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Before running EIM, you should consult with an experienced DBA in order to evaluate the amount of space necessary to store the data to be inserted in the EIM tables and the Siebel base tables. Also, for example with Oracle, you can make sure that the extent sizes of those tables and indexes are defined accordingly.
Avoiding excessive extensions and keeping a small number of extents for tables and indexes is important because extent allocation and disallocation activities (such as truncate or drop commands) can be demanding on CPU resources.
When purging data from an EIM table, use the TRUNCATE command as opposed to the DELETE command. The TRUNCATE command releases the data blocks and resets the high water mark while the DELETE command does not, which causes additional blocks to be read during processing. Also, be sure to drop and recreate the indexes on the EIM table to release the empty blocks.
Multiple EIM processes can be executed against an EIM table provided they all use different batches or batch ranges. The concern is that you may experience contention for locks on common objects. To run multiple jobs in parallel against the same EIM table, you should make sure that the FREELIST parameter is set appropriately for the tables and indexes used in the EIM processing.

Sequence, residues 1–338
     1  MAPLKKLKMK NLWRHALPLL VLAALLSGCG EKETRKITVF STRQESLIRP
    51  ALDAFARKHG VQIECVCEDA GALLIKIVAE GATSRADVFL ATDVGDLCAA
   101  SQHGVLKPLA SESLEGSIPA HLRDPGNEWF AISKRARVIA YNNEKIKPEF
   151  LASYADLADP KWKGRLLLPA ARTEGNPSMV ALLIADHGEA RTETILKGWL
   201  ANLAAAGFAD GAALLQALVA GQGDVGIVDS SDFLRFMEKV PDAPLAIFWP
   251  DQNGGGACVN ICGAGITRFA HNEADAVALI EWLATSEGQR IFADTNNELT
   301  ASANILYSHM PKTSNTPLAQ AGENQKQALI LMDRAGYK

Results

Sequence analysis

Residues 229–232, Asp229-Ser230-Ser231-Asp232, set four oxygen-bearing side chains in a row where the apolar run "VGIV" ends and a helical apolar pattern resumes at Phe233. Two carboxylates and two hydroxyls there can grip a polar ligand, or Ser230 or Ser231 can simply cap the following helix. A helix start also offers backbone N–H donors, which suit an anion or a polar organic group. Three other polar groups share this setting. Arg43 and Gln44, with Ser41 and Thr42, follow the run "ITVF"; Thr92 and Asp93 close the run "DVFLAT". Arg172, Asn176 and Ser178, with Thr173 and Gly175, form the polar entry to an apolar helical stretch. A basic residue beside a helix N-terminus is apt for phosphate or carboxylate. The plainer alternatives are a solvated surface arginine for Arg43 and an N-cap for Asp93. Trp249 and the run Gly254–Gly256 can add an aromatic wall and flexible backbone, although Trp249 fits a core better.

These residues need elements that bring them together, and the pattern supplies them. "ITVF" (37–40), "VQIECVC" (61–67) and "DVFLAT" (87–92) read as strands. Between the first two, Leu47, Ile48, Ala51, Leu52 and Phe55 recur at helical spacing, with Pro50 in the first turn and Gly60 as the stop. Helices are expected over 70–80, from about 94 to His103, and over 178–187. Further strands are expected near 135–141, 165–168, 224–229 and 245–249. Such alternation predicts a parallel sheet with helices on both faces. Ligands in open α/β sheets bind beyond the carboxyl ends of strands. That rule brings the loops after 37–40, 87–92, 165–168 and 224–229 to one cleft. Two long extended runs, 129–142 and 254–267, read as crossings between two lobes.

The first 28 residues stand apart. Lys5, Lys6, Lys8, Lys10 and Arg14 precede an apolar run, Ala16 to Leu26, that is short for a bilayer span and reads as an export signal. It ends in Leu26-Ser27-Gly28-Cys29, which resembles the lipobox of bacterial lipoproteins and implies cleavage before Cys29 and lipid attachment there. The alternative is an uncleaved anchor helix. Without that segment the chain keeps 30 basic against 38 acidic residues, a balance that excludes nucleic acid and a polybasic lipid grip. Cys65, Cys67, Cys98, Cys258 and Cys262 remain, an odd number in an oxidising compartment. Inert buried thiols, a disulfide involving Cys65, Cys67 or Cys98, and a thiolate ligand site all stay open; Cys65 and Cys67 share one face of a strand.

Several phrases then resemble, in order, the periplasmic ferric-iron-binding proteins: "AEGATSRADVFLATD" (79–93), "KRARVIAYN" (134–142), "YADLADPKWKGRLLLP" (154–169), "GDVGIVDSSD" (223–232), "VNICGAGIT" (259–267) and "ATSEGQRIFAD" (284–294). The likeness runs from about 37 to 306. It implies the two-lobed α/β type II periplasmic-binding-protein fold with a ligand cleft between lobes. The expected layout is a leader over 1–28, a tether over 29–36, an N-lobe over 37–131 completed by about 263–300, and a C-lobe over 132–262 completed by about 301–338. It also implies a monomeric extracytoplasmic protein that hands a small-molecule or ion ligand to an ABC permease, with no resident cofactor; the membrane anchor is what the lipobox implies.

This includes EIM tables and indexes, as well as base tables and indexes. The value of this parameter specifies the number of block IDs that will be stored in memory which are available for record insertion. Generally, you should set this to at least half of the intended number of parallel jobs to be run against the same EIM table (for example, a FREELIST setting of 10 should permit up to 20 parallel jobs against the same EIM table).
Another method to improve performance is to put small tables that are frequently accessed in cache. The value of BUFFER_POOL_KEEP determines the portion of the buffer cache that will not be flushed by the LRU algorithm. This allows you to put certain tables in memory, which improves performance when accessing those tables. This also makes sure that after accessing a table for the first time, it will always be kept in the memory. Otherwise, it is possible that the table will get pushed out of memory and will require disk access the next time used.
Be aware that the amount of memory allocated to the keep area is subtracted from the overall buffer cache memory (defined by DB_BLOCK_BUFFERS). A good candidate for this type of operation is the S_LST_OF_VAL table. The syntax for keeping a table in the cache is as follows:
When there are 255 or more NVL functions in an update statement, Oracle updates the wrong data due to hash keys overflow. This is an Oracle-specific issue. To avoid this problem, use less than 255 NVL functions in the update statement.
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